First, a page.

LONDON // One great goal, one great save, and Chelsea built on their comeback at Old Trafford three weeks ago to reach the FA Cup semi-final for the sixth time in eight years. The quarter-final replay may not have been the greatest game but it produced two great moments that will live long on the collective memory of the competition.
Rafa Benitez insisted he didn’t have to justify the weakened team he had picked for the defeat at Southampton on Saturday – in fact he denied it was a weakened side – but there was a clear sense of a gamble that had paid off.
He was irritated by the negative reaction to that game. “Before the international break we played United, West Ham and Steaua Bucharest and we were the best in the world,” he said. “We lost to Southampton and we were the worst in the world. Now we are the best in the world.”
The first half had been a scratchy affair, United seemingly accepting Chelsea would dominate midfield and sitting deep, looking to hot on the break. That did yield one chance as Javier Hernandez gathered a long clearance from David De Gea and struck a shot that deceived Petr Cech, forcing him into an ungainly save with a raised right boot as he dived down the wrong line.
Chelsea probably felt they were in control, but the goal came out of nothing.
Mata, who flourished having initially seemed to be feeling the effects of the virus that had kept him out of Saturday’s defeat, lifted a ball straight into the box – the sort of slightly aimless pass that usually drifts straight through to the opposing keeper.
On this occasion, though, it was perfectly weighted and Ba, stretching out his right foot, managed to hook a shoulder-high volley into the top corner. Perhaps because of its venerability and love of its own tradition, the FA Cup has a habit of speaking in quotations: this was a goal very reminiscent of Mark Hughes’s volley for United against Oldham in the semi-final in 1994.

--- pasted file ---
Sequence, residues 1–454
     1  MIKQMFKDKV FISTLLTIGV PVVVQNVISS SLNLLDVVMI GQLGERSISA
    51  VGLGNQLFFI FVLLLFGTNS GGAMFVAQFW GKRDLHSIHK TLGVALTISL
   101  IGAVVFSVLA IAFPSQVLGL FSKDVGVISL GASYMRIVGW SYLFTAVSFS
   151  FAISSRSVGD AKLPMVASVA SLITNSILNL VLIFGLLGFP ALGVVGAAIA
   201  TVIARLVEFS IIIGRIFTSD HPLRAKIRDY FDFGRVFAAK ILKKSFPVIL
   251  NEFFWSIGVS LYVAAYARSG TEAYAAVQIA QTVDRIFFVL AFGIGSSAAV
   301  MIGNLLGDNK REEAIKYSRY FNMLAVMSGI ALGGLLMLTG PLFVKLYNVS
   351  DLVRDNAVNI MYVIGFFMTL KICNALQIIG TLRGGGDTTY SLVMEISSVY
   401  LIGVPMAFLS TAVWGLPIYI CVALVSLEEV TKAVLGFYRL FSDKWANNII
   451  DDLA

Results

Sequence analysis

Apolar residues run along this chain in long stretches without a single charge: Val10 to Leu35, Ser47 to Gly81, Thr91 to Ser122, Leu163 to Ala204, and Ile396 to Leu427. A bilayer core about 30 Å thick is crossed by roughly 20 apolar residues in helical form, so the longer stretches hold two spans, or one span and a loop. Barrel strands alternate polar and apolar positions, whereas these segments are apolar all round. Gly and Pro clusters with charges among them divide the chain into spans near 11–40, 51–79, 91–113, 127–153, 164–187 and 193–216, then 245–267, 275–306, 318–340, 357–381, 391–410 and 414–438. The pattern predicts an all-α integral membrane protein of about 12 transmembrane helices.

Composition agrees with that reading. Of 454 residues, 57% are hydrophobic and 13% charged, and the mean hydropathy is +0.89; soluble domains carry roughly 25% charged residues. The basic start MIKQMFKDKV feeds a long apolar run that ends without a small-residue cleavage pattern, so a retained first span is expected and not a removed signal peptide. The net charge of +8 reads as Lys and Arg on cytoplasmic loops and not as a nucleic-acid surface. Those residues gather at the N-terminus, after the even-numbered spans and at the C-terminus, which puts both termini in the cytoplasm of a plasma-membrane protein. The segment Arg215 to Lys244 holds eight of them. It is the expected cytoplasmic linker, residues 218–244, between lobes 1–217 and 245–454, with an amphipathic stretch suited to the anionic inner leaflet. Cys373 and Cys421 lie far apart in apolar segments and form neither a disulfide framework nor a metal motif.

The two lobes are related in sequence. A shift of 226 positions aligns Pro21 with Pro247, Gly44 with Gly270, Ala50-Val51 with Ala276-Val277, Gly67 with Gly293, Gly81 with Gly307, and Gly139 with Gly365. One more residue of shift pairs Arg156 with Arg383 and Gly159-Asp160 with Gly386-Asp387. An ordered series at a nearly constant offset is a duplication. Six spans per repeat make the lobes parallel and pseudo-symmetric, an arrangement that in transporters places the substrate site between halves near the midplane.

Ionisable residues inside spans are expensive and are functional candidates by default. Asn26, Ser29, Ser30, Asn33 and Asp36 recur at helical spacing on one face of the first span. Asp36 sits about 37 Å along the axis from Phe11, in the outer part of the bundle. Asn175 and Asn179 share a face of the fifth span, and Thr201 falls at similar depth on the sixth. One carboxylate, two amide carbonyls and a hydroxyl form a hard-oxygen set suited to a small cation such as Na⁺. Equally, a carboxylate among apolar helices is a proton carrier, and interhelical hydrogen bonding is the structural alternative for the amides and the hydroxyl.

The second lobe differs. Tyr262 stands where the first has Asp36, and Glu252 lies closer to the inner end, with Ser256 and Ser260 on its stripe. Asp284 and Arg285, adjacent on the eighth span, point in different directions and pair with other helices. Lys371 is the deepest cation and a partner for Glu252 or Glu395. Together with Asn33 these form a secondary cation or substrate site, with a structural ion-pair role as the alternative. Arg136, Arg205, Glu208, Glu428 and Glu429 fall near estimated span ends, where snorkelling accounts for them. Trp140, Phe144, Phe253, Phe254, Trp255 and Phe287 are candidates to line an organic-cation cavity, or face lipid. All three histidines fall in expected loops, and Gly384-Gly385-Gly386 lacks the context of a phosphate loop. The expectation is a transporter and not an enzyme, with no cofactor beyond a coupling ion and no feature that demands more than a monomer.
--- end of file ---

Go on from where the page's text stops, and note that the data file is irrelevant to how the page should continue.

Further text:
It was also Mata’s 50th assist for Chelsea in just his 105th game for the club. He has also scored thirty times for the club, which gives some indication of just how critical his form is to their fortunes. That he seemingly came through the game without any negative reaction was a major positive on a day on which Chelsea lost Ashley Cole to a hamstring injury.
He, like Gary Cahill, will be out for at least another fortnight.
Mata was not the stand-out performer on Monday, though; that was Cech who, with an hour played, made a save that defied belief. Danny Welbeck crossed and Hernandez, six yards out seemed sure to score. His header was firm, but Cech, thrusting out his left hand as he scuttled across goal to his right, managed to divert the ball just over the bar and onto the roof of the net.
Even Hernandez seemed overwhelmed by the brilliance of the save, getting to his feet with a broad grin on his face and congratulating the keeper.
In the past, that would usually have been the start of a United surge: of all their many qualities, resilience has always been the greatest. As against Real Madrid, though, they seemed to struggle to raise themselves. Fifteen points clear in the league they may be, and on course to set Premier League points records, but this is far from Sir Alex Ferguson’s best United. They did create two late chances, but Robin van Persie, who had come off the bench, fired both over.
So United’s season, weirdly, feels as though it is over: they will wrap up the title in a couple of weeks but after that have no more lands to conquer. Chelsea, meanwhile, for all Benitez’s insistence Champions League qualification is the priority, march on to Thursday’s Europa League quarter-final against Rubin Kazan and an FA Cup semi-final against Manchester City.
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